Ella Dawson | Longreads | May 2020 | 15 minutes (3,819 words)
Henry and I had break-up sex on at least four different occasions, maybe more. I wanted to believe it was because we loved each other that much, when really I was unwilling to read the writing on the wall. It took me years to pry my fingers from his pant-leg and let go of our relationship. In fits of pique I wondered if he was the one who got away, less of a daydream than a deep anxiety that I’d bump into him decades later and love him just as much as I did the day we decided it was the last time. And the next time we decided it was the last time. And the time after that.
We technically broke up in May of 2014 at my college graduation only to get back together six days later when we decided we could overcome the hundreds of miles between Bakersfield and Berkeley. He told me his parents offered to pay for half of the gas required to drive up to see me — it was only when the summer was over that I learned he’d lied and paid for everything himself. We were smart kids who knew long-distance was doomed, but there are some lessons you need to learn for yourself lest you spend the rest of your life wondering if you would have been the exception. We weren’t. It only took us another two months of longing and conflict avoidance to break up again in the kitchen of his parent’s home.
The breakup was not mutual. I scream-cried like someone had died. When I stalked off to sob in the guest room, I expected him to follow me and take it back. Instead he folded his hands together on the kitchen table and clenched them tight, his willpower miraculously holding firm. This turn of events was as surreal as it was humiliating: I sat on the floor and stared at the portraits of his relatives above the heavy antique bed, the extended family I assumed would be mine someday. Two months wasn’t long enough to really try, was it? Two months was summer camp. It wasn’t even a full season. How had he already decided this wasn’t possible? Was I just not good enough to fight for?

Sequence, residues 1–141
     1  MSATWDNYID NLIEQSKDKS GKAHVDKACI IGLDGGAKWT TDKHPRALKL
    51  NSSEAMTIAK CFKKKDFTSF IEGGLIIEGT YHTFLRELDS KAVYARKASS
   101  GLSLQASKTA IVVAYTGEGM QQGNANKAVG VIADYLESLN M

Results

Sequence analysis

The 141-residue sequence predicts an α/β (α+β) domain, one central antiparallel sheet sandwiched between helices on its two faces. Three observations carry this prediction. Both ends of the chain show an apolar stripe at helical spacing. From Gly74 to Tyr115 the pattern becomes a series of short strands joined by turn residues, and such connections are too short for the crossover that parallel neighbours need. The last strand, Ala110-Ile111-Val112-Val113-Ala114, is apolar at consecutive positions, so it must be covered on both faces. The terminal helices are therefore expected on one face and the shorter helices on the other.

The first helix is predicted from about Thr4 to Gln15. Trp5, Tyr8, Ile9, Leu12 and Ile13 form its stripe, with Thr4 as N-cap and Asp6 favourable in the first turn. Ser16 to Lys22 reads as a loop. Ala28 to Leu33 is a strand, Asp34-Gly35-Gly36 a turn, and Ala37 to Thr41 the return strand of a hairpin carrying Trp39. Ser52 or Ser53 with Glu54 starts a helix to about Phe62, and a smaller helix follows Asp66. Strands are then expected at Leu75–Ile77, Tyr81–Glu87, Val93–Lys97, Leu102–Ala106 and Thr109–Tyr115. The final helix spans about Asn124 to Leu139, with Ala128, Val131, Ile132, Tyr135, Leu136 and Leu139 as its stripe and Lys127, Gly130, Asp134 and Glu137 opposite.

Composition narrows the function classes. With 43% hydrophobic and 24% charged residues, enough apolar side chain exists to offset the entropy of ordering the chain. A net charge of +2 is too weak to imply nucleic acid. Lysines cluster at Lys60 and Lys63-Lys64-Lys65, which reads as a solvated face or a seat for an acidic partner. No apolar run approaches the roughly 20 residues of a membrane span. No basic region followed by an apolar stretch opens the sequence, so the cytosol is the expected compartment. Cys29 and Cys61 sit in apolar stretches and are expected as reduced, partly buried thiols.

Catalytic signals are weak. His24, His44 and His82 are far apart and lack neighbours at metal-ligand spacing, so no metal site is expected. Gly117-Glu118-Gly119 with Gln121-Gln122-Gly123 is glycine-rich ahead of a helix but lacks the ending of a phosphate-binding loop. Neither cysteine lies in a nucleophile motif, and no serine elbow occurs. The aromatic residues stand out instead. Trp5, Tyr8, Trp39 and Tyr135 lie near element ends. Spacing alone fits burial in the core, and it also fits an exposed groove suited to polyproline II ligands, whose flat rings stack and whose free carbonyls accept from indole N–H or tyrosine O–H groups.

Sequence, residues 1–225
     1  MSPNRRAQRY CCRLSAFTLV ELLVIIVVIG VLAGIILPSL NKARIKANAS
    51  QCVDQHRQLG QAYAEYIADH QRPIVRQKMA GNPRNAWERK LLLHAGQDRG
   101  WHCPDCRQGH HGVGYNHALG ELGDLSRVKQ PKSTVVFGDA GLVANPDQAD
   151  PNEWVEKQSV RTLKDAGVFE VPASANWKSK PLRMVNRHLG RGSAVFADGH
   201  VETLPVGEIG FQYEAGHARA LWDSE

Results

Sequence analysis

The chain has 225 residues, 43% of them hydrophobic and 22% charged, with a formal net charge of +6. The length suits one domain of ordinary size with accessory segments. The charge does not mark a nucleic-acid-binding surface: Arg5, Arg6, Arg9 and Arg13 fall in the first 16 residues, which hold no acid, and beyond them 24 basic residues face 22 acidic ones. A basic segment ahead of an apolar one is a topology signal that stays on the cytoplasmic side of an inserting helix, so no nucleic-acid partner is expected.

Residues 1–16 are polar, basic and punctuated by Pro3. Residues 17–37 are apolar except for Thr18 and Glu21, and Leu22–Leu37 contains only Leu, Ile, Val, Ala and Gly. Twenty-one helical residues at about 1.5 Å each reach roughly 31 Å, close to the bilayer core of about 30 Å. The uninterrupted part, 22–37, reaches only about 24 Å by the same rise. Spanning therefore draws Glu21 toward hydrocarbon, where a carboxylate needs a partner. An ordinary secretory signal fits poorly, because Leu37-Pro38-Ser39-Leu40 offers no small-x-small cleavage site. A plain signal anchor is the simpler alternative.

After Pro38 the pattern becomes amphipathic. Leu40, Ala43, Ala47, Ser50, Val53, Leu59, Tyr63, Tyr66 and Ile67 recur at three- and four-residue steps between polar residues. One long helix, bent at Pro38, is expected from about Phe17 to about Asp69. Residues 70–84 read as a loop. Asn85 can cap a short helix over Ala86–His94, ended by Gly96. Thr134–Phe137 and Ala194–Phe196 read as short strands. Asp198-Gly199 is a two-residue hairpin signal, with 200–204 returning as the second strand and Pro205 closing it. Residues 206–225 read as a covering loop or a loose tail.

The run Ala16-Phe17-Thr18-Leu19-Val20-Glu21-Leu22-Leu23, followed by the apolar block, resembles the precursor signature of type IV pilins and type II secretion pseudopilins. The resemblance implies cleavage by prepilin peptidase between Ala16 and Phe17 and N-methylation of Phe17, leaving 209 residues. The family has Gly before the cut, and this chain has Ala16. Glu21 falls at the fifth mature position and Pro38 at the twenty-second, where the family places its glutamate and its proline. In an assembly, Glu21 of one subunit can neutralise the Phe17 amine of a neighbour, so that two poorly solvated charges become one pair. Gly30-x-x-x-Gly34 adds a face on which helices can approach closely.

We broke up for all the same reasons college sweethearts break up: our lives were taking us in separate directions, and long-distance was as shitty as everyone warned us it would be. I was graduating. Henry, two years younger, was moving to Asia for his junior year, for an ambitious study-abroad program and didn’t want to be the guy always on his phone. I was reeling with post-grad identity issues and undiagnosed anxiety and depression, and I often called him crying while my roommate scowled outside my bedroom. Once when my laptop stopped working, I had a full tilt panic attack over FaceTime as he helplessly Googled Apple store locations near my apartment. Simply put, I was a disaster and we were young. It was too much for him to handle and too much for me to understand, and I took our generic problems personally instead of seeing our breakup as the natural progression of events. All I could believe at age 22 was that he’d given up on our future together, and it must mean I wasn’t worth it after all.